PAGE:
2021 is the 25th anniversary of a gaming-related milestone: the Super Mario 64 face. This fascinating tech demo (whose creator opines about it in a May 2021 interview) is the first thing you see upon booting the N64’s signature game, and it was a declaration of the N64’s potential 3D prowess, well ahead of the likes of Sony’s first PlayStation.
Modern games rarely come with this sort of useless, whimsical tech demo, and similar tech muscle-flexes on consoles have been rare in the years since the N64’s ’90s heyday. Tonight, another unbelievable demo joins its ranks: The Matrix Awakens.
This brand-new Unreal Engine 5 showcase, now downloadable on Xbox Series X/S and PlayStation 5, is rendered almost entirely in real time on current-gen consoles. What’s more, every image in this article was not only captured on my own home Series X but is also, according to Epic Games, rendered in real time. Only a few choice snippets of the demo, now downloadable via Xbox Live and PlayStation Network, consist of premade video footage, which I skipped in favor of the impressive faces, action sequences, and cityscapes that UE5 is apparently equipped to render on the latest home consoles.
Based solely on the still images in this article, any passerby can find visual elements to nitpick or shrug at. Sunglasses cover eyes in some scenes. Or maybe there’s too much blur. While watching the demo play out on my Series X, I hunted for traces of the uncanny valley, and finding a few wasn’t hard, particularly in some slightly stilted animations.
Yet that ignores the insanity of this demo’s feature-rich contents being rendered on a consumer-grade gaming console. In all my years of covering real-time graphics on PCs and consoles, I’ve yet to see something so impressive and realistic—all opened up to the scrutiny of my controller taps.
Two parts: Narrative at first, then guns, cars, and free flight
The demo has two parts. The first is a narrative sequence that doesn’t respond to button taps, and it opens with a digital facsimile of actor Keanu Reeves—not playing a character, just Keanu being Keanu—remarking on The Matrix. He strolls through moments from the first film while pondering the original trilogy’s questions about what is and isn’t real. (Every time he passes a mirror, the bearded, long-haired Reeves who appears in it is video footage; otherwise, he’s all digital. This article doesn’t include any real-life Keanu.) Soon after, a digital facsimile of his Matrix co-star Carrie-Anne Moss appears—she only appears as a digital avatar, never as filmed footage—and their conversation eventually warps into a car chase.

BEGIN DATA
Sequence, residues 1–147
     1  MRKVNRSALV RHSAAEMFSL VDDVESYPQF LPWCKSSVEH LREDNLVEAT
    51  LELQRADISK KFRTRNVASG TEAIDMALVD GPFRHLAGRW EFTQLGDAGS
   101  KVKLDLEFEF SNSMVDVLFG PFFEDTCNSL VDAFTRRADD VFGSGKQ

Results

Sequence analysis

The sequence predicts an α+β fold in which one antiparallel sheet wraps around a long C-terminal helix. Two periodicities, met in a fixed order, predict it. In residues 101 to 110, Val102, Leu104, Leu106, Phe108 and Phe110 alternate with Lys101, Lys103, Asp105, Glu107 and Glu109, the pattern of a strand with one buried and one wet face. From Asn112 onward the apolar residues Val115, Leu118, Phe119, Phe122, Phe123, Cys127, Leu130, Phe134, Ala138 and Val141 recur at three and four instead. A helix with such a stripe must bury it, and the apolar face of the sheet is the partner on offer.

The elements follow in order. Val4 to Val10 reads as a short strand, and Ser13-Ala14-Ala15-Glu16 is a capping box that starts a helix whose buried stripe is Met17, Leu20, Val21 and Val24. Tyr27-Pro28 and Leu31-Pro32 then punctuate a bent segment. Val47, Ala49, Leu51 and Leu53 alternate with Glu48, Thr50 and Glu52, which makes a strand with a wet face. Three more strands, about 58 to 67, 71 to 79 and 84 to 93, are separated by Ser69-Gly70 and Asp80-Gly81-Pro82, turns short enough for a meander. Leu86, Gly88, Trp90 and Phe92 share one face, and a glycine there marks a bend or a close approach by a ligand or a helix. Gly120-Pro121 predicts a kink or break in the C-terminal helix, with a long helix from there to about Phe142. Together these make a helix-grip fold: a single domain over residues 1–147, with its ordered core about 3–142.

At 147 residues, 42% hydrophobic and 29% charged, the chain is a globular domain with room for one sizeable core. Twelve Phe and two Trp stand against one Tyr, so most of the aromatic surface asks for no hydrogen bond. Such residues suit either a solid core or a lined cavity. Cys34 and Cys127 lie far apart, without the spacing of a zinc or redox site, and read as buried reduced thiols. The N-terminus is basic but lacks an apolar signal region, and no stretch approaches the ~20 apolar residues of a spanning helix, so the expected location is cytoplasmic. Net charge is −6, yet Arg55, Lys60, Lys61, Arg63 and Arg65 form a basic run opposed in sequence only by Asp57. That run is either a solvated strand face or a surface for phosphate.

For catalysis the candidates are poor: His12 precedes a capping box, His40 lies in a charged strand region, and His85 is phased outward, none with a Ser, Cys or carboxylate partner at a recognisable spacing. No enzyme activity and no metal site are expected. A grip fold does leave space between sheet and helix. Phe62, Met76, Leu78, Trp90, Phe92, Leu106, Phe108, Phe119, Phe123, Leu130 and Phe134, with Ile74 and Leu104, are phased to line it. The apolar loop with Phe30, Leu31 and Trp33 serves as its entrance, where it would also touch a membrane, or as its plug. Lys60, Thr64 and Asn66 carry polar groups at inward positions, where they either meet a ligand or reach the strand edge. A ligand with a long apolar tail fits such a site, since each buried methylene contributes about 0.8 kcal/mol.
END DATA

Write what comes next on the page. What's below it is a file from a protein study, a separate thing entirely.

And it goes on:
At this point, the demo’s second half begins, and players take control of a digital actor whom Epic Games has used in prior demos. This character can shoot both a pistol and a machine gun out the car’s back seat at waves of oncoming cars, and the demo shows off a few things: massive explosions of particle effects; real-time ray tracing and global illumination; and a stunning amount of retained detail in the skyline beyond the highway.
As seen in this hands-on demo, UE5 delivers a combination of incredible next-gen rendering techniques and, perhaps more importantly, dynamic-scaling optimizations. In particular, the sequence’s very familiar faces (namely, Reeves and Moss) had me double- and triple-taking the fact that they’re not real in certain moments. This is primarily thanks to UE5’s new lighting pipeline, which emphasizes a combination of complex subsurface light scattering and ray-traced global illumination. In other words: the tiny light bounces that are inherent to skin, wrinkles, hair follicles, and other facial elements will look more realistic in a static-lighting void. That’s nifty, but the real “Wow!” factor emerges when the lights bouncing off of other nearby materials interact naturally with the characters’ faces and clothes. Put this demo’s Reeves next to his Cyberpunk 2077 version to really see the UE5 difference.